Most business owners know that California is an at-will state, meaning that except in cases of discrimination (e.g., race, gender, religion, etc.) or retaliation (e.g., whistleblower, etc.), an employer can fire an employee whenever it wants to for any reason (or no reason) at all. On the flip side, employees can quit at any time and without any prior notice.

That said, any experienced business attorney will still caution their clients regarding how risky it can be for an employer operating in California to fire employees—even when there’s good cause to do so—without first having a verifiably good reason for doing so. Sadly, because California’s labor and employment laws incentivizes disgruntled employees to file even frivolous lawsuits against employers, even if and employer has an excellent reason to fire an employee, there is still substantial risk associated with doing so. One way, however, to minimize the potential liability (and the enormous costs associated with litigation and bad publicity) associated with terminating an employee is to offer some sort of severance agreement.

Severance pay does NOT include wages, compensation, or accrued and unused vacation pay, all of which must be paid upon an employee’s termination, and none of which may be conditioned upon the employee agreeing to do anything. Rather, severance pay is money offered to an employee on top of what is “owed”—money offered specifically to induce a terminated employee to agree to waive all of his/her potential claims against the employer.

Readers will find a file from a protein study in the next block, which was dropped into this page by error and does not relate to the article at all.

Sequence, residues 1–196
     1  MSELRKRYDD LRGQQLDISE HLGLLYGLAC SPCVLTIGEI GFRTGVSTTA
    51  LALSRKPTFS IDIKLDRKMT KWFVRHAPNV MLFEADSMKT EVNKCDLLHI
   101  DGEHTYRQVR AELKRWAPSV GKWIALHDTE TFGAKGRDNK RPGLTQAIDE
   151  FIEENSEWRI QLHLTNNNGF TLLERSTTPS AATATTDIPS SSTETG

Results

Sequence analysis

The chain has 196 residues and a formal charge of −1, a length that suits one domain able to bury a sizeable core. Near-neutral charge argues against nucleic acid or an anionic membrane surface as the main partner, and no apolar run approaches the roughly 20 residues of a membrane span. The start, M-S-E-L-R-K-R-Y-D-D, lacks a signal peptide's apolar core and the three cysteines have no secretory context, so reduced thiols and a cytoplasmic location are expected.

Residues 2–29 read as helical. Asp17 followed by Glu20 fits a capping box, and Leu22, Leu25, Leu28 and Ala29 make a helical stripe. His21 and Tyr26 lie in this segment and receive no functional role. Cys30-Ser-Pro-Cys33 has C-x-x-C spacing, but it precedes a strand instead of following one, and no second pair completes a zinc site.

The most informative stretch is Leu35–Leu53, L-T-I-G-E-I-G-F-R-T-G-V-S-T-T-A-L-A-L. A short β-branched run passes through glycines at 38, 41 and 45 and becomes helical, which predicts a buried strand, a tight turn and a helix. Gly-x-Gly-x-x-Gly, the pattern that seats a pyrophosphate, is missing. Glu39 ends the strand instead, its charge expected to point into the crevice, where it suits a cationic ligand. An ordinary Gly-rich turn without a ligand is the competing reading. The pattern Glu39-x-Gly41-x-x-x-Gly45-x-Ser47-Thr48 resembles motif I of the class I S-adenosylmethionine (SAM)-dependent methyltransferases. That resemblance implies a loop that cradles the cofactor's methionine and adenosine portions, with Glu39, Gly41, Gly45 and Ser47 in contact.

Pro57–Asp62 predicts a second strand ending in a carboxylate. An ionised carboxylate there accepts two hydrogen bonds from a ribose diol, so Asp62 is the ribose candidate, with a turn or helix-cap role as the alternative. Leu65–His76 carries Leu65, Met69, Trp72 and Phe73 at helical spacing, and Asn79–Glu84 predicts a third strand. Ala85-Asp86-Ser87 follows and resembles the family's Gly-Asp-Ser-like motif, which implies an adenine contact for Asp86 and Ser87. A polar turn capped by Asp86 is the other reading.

So, how does an employee go about securing the protection afforded by a severance agreement? Simple. At the time of termination, the employer offers the terminated employee a severance agreement to review and sign. But be warned. Not all severance agreements are equal. The difference between a generic, one-size-fits-all severance agreement and one prepared specifically for the employer by an experienced business attorney, is night and day.

Severance agreements need to contain specific language indicating the employee’s waiver of claims related to the employer/employee relationship, as well as specific waivers of claims and rights under a variety of federal and state laws, including (to name just a few), the Fair Labor Standards Act, the Occupational Safety and Health Act, and the Fair Employment and Housing Act (and when dealing with employees over 40, the Age Discrimination and Employment Act). Certain severance agreements must also abide by notice and cancellation timelines to ensure, for example, that age discrimination claims are properly waived.

Simply put, severance agreements are complicated documents that need to be drafted properly, or the employer risks losing the very protection it thought it was getting.

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